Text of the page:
March 1, 2016
Why ‘The Federalist’ Is Worth Reading in the 21st Century
by Sanford Levinson, W. St. John Garwood and W. St. John Garwood, Jr. Centennial Chair and Professor of Government, University of Texas at Austin School of Law
Early in my new book, An Argument Open to All: Reading "The Federalist" in the 21st Century, I refer to the set of essays published in 1787-1788 as “the best known, most widely read and analyzed extended work of American political thought.” I now believe, from talking to many colleagues and students, that the reference to “widely read” is almost certainly wrong. Many people have no doubt read Federalists No. 10, 47, 51, and 78, but there are 81 additional essays, most of which languish in obscurity.
So the central question is whether there is good reason for a 21st century reader in fact to read The Federalist beyond the few “greatest hits.” It is obvious why someone interested in the formation of the Constitution would be interested in the entire corpus. Interestingly, it is less obvious why anyone with a particular interest in interpreting the Constitution would have to read it; very few of the 85 essays actually relate to the controversies that come before the judiciary or other constitutional interpreters in the 21st century. Most of them are devoted to explaining why the system established by the Articles of Confederation was “imbecilic;” why unifying behind a new constitution was essential to defense against what we would today call threats to our national security; and broad discussions of the institutions that comprise our political system (and which, being “hard wired,” are almost never the subjects of litigation).
My book consists of 85 separate essays, each one corresponding to the respective original essay. They offer not so much an exegesis of the original as an inquiry whether it still has anything to tell us about constitutionalism in the 21st century. Underscoring the “presentism” of the essays is the fact that I refer exclusively to Publius, the notional author, and not to the actual historical authors Alexander Hamilton, John Jay, or James Madison. One of the consequences of adopting that approach is that I don’t have to concern myself with the question of the authors’ “sincerity” or genuine belief in their own arguments, shaped to elicit the votes of ratifiers at the state ratification conventions in 1788. My audience is persons interested in the Constitution in 2016 (or in 2020). Should they (you) make time at least to read my book and perhaps even return to The Federalist itself? To a degree that genuinely surprises even me, given my own doubts when I embarked on this project, I think the answer is yes.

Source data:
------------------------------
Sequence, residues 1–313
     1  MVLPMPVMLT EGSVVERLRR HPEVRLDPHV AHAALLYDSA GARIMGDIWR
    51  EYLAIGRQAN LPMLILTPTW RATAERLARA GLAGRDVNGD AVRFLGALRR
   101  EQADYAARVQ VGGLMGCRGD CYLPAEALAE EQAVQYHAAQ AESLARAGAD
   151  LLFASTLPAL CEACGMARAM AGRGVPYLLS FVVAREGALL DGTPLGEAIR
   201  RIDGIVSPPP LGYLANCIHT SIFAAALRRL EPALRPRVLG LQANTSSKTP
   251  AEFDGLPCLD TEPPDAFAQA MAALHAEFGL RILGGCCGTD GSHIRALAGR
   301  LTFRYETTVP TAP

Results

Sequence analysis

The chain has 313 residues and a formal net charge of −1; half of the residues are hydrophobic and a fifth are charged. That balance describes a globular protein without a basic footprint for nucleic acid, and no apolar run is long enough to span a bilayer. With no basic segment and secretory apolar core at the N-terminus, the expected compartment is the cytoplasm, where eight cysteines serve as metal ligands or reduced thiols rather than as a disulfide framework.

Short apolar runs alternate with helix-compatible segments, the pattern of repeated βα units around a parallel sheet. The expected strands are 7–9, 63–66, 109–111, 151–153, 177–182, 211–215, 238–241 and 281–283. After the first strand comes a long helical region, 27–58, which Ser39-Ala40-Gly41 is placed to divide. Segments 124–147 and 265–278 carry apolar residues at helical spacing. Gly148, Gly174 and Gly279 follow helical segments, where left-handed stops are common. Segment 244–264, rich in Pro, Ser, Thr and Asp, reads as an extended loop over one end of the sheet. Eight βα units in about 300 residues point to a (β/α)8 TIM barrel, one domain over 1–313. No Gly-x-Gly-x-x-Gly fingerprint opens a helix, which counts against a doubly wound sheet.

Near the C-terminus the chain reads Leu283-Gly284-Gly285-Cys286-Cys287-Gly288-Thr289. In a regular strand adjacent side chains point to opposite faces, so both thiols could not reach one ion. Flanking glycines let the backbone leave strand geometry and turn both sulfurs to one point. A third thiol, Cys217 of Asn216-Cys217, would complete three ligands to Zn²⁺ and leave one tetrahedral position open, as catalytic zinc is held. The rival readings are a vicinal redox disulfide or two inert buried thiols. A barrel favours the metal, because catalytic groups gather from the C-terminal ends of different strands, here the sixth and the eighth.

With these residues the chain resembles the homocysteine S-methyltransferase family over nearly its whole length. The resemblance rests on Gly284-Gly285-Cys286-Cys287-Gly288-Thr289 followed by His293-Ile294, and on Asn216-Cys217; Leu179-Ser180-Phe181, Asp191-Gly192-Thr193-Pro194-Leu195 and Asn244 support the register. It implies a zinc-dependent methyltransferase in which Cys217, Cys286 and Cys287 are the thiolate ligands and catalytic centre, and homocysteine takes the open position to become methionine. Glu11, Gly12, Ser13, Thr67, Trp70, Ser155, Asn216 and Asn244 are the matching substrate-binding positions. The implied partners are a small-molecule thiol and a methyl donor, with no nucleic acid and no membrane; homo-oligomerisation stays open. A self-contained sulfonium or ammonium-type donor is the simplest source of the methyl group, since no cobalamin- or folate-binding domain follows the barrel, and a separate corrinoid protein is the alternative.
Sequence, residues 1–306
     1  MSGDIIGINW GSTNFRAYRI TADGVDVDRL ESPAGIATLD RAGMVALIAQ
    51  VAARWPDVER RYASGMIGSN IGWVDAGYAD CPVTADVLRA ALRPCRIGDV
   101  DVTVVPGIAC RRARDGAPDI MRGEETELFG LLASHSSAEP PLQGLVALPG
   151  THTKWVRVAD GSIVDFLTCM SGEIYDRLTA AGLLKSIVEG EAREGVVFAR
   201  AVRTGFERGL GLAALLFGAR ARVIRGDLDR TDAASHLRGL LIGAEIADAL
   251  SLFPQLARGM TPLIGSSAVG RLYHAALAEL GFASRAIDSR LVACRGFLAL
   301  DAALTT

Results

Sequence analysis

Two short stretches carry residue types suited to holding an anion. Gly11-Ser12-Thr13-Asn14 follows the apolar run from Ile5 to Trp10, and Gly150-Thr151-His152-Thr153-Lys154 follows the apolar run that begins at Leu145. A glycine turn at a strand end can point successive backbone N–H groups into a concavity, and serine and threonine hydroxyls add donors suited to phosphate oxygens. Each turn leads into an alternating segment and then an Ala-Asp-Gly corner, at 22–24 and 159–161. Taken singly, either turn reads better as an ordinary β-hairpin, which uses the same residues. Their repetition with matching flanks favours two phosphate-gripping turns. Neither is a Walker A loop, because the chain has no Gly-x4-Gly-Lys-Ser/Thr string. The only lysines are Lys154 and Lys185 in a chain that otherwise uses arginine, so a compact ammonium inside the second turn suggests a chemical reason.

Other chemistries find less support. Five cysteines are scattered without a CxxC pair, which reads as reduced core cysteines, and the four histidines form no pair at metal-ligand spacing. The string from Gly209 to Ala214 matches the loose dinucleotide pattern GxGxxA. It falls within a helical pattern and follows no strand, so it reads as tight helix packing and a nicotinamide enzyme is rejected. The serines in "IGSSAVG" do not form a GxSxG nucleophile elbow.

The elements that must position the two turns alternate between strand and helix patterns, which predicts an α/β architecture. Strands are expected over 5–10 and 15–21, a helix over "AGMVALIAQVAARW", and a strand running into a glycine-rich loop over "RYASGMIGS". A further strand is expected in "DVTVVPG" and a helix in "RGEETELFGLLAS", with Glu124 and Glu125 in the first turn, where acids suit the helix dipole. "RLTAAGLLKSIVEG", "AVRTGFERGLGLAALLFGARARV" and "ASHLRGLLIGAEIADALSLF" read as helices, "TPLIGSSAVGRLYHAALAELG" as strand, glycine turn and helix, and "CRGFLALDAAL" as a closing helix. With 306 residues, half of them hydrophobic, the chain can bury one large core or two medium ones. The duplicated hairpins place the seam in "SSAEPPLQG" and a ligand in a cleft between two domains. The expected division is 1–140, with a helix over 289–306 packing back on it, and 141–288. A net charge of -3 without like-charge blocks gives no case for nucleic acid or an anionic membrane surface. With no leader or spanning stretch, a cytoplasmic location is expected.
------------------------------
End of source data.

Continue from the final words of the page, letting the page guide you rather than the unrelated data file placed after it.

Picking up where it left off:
There is obviously not time to summarize even a fraction of the 85 essays. But let me mention a few (outside the “greatest hits”). Publius begins Federalist No. 1 by emphasizing the importance of Americans engaging in “reflection and choice” about how we wish to be governed. For me the central question in 2016 is whether we genuinely believe in the capacity of our fellow citizens to engage in such “reflection and choice” about fundamentals. I strongly believe that we need a new constitutional convention in order to discuss the degree to which the obvious dysfunctionalities of the American political system are traceable to the Constitution itself. Most of my friends and colleagues disagree with me; many in fact agree with my basic analysis, but they have no faith in the capacity of the collective citizenry to address basic questions of constitutional design. If we really believe that, then I think the entire democratic enterprise is doomed. What could be more worth talking about?
Federalist No. 8 helps to explain the rise of our militaristic culture; No. 11 suggests why the Chinese are busy building a navy to defend against American hegemony in the Pacific (trust me). Federalists No. 18-20, about political confederations from ancient times through the 17th century, helps to explain why the project of a truly united Europe may be imploding before our very eyes. And No. 41 offers a terrifying hint as to why the national government will feel empowered to do “whatever it takes” to fight anything that can be labeled “terrorism.” And so on.
I certainly do not treat The Federalist as “wisdom literature” that we are obliged to follow. Indeed, what is most inspiring about Publius is his constant reminder that we must be guided by the “lessons of experience” and not by outmoded traditions or the authority of “names” (presumably including the Founders themselves). His constant lesson is that we must have the courage to think for ourselves, which means grappling with, rather than blindly following, the arguments made in the 85 essays. That was the challenge in 1787-1788. It remains all too relevant today.